The real contribution of Anglo-Catholicism
From Fr Alan Cooke
There are many good things in Bp Andrew Burnham’s article in the July issue. He gives due praise to the work for vocations and for children and young people which goes on in our constituency, and to the encouraging balance of men and women in many of our congregations.
He is rather more controversial, though, when he says, ‘The real contribution of Anglo-Catholicism, however – without which it is all a game – is the priority it gives to working for the unity of the Church… which we see in the first instance as reunion with the Holy See.’
As the Lambeth Conference stated as long ago as 1908, there can indeed be no authentic Christian unity which does not include ‘the great Latin Church of the West’. But has the desire for such reunion truly been the real contribution of Anglo-Catholicism, ‘without which it is all a game’?
There was a time in England, and not so long ago, when Roman Catholics were forbidden even to say the Lords Prayer together with non-Roman Catholics, and when RC bishops did not scruple to describe their Anglican contemporaries as nothing more than laymen. They were far less hopeful time for reunion with the Holy See than the time we live in now. Yet Anglo-Catholicism was strong and vigorous, and taught the Faith to millions who could never have been reached by the Roman Catholic Church.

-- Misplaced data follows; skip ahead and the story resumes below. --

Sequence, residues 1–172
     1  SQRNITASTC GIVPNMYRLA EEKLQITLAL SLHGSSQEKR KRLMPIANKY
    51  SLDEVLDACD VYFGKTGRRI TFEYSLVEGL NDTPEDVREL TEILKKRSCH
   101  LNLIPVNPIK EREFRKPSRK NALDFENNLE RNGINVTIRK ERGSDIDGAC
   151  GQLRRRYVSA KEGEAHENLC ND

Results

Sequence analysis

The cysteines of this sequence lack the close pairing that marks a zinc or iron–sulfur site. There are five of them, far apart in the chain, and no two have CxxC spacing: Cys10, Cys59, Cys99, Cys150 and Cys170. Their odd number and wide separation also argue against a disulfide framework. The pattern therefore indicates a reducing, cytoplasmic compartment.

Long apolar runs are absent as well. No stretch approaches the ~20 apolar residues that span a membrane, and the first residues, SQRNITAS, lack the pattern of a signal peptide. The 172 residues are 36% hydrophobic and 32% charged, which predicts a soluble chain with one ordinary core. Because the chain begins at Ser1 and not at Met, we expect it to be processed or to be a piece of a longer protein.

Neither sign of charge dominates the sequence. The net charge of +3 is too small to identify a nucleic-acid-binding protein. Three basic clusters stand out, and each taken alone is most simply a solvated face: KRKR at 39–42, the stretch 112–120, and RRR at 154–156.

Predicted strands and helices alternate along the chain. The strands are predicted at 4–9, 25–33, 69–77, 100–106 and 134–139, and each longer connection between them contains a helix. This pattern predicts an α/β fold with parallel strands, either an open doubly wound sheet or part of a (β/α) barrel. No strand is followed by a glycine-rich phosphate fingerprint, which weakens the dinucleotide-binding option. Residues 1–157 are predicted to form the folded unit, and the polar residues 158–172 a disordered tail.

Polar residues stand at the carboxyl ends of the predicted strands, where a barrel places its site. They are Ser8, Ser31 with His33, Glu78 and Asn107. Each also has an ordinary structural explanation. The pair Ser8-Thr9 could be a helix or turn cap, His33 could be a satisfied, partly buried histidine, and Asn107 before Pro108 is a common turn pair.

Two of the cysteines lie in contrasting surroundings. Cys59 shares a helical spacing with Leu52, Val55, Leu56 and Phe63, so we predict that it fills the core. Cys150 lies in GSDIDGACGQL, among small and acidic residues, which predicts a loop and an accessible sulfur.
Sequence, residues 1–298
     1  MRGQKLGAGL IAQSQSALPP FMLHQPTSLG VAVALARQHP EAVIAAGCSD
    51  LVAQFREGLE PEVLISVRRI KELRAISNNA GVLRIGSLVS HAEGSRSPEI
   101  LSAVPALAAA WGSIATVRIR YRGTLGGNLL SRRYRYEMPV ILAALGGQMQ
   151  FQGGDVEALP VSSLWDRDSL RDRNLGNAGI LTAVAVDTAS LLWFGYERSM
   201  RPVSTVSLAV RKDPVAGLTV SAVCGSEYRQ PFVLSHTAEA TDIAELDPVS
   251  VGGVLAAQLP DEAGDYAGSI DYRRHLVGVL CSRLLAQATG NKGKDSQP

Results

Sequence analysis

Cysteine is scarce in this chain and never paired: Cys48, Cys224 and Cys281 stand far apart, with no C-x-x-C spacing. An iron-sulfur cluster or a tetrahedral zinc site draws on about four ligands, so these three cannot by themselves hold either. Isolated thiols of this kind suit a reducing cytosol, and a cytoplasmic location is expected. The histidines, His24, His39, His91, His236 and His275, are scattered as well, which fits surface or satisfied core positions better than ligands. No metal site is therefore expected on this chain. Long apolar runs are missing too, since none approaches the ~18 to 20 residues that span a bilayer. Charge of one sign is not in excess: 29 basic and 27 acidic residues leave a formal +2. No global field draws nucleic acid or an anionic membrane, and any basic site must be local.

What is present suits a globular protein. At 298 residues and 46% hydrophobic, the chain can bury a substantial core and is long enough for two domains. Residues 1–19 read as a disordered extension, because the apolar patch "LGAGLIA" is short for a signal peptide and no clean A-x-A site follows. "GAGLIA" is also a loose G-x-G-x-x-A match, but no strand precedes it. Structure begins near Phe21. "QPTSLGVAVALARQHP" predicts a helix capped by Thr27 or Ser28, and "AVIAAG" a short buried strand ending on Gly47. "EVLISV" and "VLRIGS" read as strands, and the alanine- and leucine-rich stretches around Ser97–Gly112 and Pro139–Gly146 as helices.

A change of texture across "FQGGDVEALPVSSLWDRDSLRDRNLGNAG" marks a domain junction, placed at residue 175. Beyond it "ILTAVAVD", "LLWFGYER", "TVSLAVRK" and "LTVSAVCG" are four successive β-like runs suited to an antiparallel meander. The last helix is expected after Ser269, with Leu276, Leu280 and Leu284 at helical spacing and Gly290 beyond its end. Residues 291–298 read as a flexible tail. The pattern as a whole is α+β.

Bp Burnham is clear that we must wait for the synodical process to run its course before any of us make up our minds where our next steps might take us. The Revision Committee and the General Synod have a heavy responsibility for the future of many of their fellow-Anglicans. But we must surely be careful lest we give the impression that our chief priority is to be in union with the Holy See as soon as possible; because then our Roman Catholic brothers and sisters, not to mention our Anglican ones, cannot be blamed for asking why we do not just go ahead and do it.
The Vicarage, Milne St,
Don’t miss next month’s expanded issue, and if you have always thought ‘I’d like to write something for New Directions,’ but then never got around to doing anything about it, take this as a reason for a firm resolution.
The delightful and telling discussion of Postman Pat’s marriage (p. 13, go back and read it, if you haven’t already) was one such unexpected item in the electronic post box. A winner; but hardly something one could commission.
If you are writing letters do, please, think, react and put pen to paper within a fortnight of one issue for inclusion in the next. Too often (we are guessing) people like to mull an idea over and refine it – by which time it is too late.
In dispiriting times, the joy of the First Masses have been particularly appreciated by Anglo-Catholics. Men in black are not especially photogenic, but when they dress up and behave (as our lot know how to do), they can be an encouraging sight. Concelebrants at the First Mass of Fr Philip Corbett at Worksop Priory, early in July:
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